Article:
Net Applications, a Web site analytics company, just published their April 2009 Web users survey, Market Share, and they found that "Linux usage share on client devices has surpassed 1% for the first time in our tracking. Linux has been successful primarily as a server operating system, but client usage share has not kept pace with server share Linux has reached this important milestone on the client as Linux-based systems have become more functional, easier to use, and pre-installed on computers from vendors like Dell."
It's about time!
Desktop Linux has faced an uphill climb. It's had to face Microsoft's Windows monopoly on the desktop. It's had to deal with its undeserved reputation for being hard to use. But still, slowly, ever so slowly, it's made gains.
First, easy-to-use but powerful Linux distributions like Fedora, openSUSE, and Ubuntu have gained fans by showing that anyone can run Linux without compromising on features. Then, by offering pre-installed desktop Linux, mainstream vendors like Dell and HP have been convincing ordinary people that Linux can work for them.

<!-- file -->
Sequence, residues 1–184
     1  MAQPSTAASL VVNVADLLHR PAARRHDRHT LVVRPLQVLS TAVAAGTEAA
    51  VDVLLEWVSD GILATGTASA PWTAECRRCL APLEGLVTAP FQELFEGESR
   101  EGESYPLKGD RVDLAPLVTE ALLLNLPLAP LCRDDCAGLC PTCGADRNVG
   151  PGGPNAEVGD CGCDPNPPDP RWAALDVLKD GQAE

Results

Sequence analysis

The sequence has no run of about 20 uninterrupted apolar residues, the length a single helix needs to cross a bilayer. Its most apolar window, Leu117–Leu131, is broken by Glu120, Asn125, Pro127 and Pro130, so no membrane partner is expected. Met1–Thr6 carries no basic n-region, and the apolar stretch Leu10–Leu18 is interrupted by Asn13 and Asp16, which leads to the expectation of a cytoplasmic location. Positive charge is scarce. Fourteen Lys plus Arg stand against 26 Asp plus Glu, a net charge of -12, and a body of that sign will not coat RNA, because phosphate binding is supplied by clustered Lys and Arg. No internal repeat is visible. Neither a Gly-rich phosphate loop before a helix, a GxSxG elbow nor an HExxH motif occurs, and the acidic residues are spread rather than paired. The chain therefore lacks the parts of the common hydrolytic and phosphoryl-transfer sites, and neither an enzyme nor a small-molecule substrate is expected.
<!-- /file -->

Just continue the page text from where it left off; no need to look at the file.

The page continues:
Linux still has a hard climb ahead to become a major desktop force, but there can no longer be any question that it has a hand-hold in the market.
If 1% doesn't sound that important, let me remind you that less than five years ago another open-source program, Firefox, had less than 1% of the market. Today, Firefox has 22.48% of the market, and Microsoft's Internet Explorer is at all time low for the decade.
Will Linux ever get the near 100% marks that Microsoft once had? No, I don't see anyone ever getting that much of the market again. But 10%? 20%? That, I can see happening.